San Francisco Declaration on Research Assessment (DORA)

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DORA was endorsed by ~150 leading scientists & 75 scientific organizations
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Contents

Introduction

See also Altmetrics | Author impact metrics | Bibliometrics | Impact factors | Scientometrics | Webometrics

In 2013, the San Francisco Declaration on Research Assessment (DORA) (see Wikipedia) initiated by the American Society for Cell Biology (ASCB) together with a group of editors and publishers of scholarly journals, formally acknowledged the need to improve how scientific research journals are evaluated. The group met in 2012 during the ASCB Annual Meeting in San Francisco and circulated a draft declaration among stakeholders. DORA as it now stands has benefited from input by many of the original signatories. DORA is a worldwide initiative covering all scholarly disciplines. We encourage individuals and organizations who are concerned about the appropriate assessment of scientific research to sign DORA.

Why DORA?

  • DORA questions the use of journal impact factors as the main tool for journal assessment; it proposes other factors and meaningful approaches
  • DORA looks at the need to eliminate journal-based metrics in funding, appointment, and promotion considerations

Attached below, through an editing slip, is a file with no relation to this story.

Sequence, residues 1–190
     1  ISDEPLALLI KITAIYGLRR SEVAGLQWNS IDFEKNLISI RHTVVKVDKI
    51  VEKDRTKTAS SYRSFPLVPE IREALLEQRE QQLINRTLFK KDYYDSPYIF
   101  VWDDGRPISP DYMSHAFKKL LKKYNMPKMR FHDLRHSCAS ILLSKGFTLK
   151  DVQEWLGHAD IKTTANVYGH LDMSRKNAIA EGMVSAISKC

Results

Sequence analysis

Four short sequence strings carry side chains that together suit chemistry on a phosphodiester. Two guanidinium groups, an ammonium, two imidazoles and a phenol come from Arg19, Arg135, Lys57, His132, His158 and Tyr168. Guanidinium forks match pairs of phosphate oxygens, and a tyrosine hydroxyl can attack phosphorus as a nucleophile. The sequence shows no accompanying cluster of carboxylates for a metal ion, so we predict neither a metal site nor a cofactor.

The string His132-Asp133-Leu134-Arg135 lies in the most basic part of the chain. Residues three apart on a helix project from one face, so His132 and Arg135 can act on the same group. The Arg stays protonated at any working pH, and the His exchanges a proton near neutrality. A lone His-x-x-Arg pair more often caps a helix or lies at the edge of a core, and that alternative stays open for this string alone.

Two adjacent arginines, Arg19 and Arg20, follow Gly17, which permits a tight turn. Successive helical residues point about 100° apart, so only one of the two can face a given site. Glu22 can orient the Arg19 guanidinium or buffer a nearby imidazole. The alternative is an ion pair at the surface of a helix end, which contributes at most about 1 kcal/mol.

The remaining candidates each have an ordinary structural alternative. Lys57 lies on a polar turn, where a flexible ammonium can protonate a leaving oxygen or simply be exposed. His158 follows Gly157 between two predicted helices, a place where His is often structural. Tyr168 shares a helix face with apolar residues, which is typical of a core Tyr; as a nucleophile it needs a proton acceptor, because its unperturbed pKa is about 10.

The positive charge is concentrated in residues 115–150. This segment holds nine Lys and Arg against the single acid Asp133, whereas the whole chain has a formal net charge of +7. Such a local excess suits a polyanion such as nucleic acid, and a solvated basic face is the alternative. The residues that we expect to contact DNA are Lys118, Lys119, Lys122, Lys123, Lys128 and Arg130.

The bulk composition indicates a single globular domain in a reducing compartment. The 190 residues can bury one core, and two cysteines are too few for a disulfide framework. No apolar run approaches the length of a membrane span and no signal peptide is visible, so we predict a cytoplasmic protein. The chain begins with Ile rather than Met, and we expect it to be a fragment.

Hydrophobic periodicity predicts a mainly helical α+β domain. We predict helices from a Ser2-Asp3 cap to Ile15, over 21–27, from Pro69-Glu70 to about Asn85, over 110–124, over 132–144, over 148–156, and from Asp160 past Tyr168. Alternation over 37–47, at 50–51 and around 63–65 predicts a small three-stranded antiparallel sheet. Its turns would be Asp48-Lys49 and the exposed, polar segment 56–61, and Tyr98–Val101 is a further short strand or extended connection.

• DORA would like to assess research on its own merits rather than on the basis of journals publishing the research; the need to capitalize on opportunities provided by online publication (such as relaxing unnecessary limits on the number of words, figures, and references in articles, and exploring new indicators of significance and impact) is growing
  • journal impact factors (ranking journals by average number of citations articles receive over a given period) should not be used "as a surrogate measure of the quality of individual research articles, to assess an individual scientist's contribution, or in hiring, promotion or funding decisions."
  • DORA argues that articles and researchers should be judged on "their own merits" and emphasizes the "value of all research outputs" not just publications. The use of altmetrics might be part of the story but we need to be conscious of the dangers of gaming the system, and the difficulties of capturing some channels of impact
  • According to Bertuzzi et al (2013): "...the Journal Impact Factor (JIF), developed to help librarians make subscription decisions, has de facto been repurposed by researchers, journals, administrators, and funding and hiring committees as a proxy for the quality and importance of research publications. The result of this shortcut is that researchers are judged by where their articles are published rather than by the content of their publications. This is fundamentally wrong."
  • citation metrics (also bibliometrics) can be useful but problematic since there is a range of practices used; these can put excellent researchers at a disadvantage; the system can put some researchers who are not good ahead of those just because they work in areas that are popular and in which papers are collecting citations easily

In the News

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